Significant areas of Derby, Derbyshire, Nottingham and Nottinghamshire are among a number of parts of the country which have been designated with Assisted Area status.
The status makes local businesses eligible to bid for additional funding and tax breaks to create jobs, invest in new premises or machinery and grow.
Manufacturing centres including Derby, Huddersfield, Portsmouth and Scunthorpe have now been added to the Assisted Areas map.
This should help create jobs and encourage investment in premises and machinery through capital allowances and additional tax breaks for businesses.
Assisted Area designation was a major component of the D2N2 LEP Strategic Economic Plan, and comes after a significant campaign from the LEP to secure support for areas of opportunity as well as areas of need.
D2N2 Chief Executive David Ralph said: “Assisted Area Status is an important tool in providing support to firms to locate and invest throughout the area.
“Whilst the case to locate and invest in your business in the D2N2 area is compelling, additional financial incentives can help seal the deal.
“We have been supported in our case to broaden assisted area coverage across the D2N2 area and specifically focus on areas of unrealised opportunities as well as deprivation.”
Business Minister Michael Fallon MP said: “Assisted Area status can be a shot in the arm for growth and jobs across the UK. It makes local businesses eligible to bid for additional funding and support that can help them to create jobs, invest in new premises or machinery, develop and grow.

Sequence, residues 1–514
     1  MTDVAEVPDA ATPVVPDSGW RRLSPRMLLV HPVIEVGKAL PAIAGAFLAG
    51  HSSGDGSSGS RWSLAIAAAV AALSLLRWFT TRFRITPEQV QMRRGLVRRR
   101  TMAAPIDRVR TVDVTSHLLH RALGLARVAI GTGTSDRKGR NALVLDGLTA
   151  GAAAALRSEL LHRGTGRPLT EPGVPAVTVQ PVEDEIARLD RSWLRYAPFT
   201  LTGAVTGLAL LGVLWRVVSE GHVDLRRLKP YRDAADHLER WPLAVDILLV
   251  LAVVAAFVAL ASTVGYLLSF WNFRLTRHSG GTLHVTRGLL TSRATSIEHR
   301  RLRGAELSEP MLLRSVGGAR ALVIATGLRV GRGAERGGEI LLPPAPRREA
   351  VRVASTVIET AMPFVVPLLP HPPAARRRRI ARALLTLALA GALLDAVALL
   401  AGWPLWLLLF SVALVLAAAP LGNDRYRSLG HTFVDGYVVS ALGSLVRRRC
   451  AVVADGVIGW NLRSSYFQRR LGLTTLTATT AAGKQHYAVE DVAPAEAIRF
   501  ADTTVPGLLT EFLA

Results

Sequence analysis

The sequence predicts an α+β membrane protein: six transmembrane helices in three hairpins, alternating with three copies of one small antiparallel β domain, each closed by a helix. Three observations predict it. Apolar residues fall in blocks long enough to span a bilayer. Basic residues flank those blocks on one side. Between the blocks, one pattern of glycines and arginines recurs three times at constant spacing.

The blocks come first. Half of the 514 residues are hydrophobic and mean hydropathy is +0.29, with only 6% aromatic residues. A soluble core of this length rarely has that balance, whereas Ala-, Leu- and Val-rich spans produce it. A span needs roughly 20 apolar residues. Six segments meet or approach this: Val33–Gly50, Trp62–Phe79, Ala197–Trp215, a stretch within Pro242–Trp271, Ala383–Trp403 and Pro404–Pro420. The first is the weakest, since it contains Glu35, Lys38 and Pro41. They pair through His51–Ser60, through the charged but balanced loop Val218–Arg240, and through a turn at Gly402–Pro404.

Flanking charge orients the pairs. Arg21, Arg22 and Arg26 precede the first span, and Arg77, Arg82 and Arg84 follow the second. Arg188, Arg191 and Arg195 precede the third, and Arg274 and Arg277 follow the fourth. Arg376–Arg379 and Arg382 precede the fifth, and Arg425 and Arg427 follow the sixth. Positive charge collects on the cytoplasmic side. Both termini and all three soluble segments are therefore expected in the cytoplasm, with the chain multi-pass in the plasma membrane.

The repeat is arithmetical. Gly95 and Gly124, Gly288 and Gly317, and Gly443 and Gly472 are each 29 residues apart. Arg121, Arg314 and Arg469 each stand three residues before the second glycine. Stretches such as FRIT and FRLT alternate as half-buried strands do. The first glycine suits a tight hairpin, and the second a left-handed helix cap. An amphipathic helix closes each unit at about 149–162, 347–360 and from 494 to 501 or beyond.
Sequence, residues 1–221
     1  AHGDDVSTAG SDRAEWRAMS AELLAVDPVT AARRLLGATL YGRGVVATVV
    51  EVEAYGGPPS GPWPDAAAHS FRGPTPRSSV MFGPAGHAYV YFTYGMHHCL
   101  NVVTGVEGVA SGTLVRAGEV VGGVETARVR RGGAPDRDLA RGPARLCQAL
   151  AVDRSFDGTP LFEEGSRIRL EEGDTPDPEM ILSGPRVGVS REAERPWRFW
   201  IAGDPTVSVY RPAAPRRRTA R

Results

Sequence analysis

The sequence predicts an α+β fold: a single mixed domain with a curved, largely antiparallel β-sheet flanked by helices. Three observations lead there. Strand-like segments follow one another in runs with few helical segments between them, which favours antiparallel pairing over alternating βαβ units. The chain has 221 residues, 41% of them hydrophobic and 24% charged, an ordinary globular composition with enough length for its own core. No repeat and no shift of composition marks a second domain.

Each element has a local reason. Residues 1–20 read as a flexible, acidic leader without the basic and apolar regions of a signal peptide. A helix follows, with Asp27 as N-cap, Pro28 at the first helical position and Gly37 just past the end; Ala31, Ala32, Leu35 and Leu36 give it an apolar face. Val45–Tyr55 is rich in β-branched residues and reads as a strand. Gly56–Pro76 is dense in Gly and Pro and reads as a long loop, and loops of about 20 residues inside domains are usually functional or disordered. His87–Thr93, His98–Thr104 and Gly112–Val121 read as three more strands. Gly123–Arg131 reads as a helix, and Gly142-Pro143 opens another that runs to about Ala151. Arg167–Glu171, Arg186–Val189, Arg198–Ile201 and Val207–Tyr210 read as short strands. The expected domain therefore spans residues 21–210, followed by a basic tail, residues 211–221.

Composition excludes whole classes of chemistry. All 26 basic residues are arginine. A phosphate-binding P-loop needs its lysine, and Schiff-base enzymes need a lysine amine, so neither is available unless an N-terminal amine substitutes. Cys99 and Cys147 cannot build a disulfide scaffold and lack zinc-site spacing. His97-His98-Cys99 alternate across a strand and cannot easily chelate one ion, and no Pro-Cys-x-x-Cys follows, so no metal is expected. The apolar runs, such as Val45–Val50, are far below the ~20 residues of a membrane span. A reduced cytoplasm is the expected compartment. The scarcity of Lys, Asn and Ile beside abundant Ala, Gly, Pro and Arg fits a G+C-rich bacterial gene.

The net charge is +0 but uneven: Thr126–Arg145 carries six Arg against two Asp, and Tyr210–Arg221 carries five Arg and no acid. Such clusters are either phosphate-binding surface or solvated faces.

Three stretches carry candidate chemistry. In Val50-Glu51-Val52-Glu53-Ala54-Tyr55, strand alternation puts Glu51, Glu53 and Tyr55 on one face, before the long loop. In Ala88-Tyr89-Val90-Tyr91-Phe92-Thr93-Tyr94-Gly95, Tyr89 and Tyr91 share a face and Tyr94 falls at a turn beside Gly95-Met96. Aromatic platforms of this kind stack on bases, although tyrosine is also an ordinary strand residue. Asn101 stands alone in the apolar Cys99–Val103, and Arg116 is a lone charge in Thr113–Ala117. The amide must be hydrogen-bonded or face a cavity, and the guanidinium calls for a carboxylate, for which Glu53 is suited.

“We listened carefully to local groups to identify places where regional aid can have the biggest impact and help to rebalance the economy. The regeneration of a range of industrial centres, coastal and urban areas has been given a boost today.”
Assisted Area status makes businesses eligible to apply for regional aid, which is typically offered as capital investment for businesses in less prosperous local economies. Programmes in England that offer regional aid include the Regional Growth Fund (RGF) and the Advanced Manufacturing Supply Chain Initiative (AMSCI).
Assisted Area status does not guarantee regional aid funding. Businesses in other parts of the country can still receive support, including RGF and AMSCI, for a wide range of projects.
Eligible areas were selected based on a combination of economic need and economic opportunity. Places with the potential for business growth, particularly manufacturing, have been favoured.
There have been two consultations on which areas should qualify, with input from Local Enterprise Partnerships and local authorities ensuring that local intelligence was a key driver in the process.
The government’s Assisted Areas map is still subject to European Commission approval and is expected to take effect on 1 July 2014.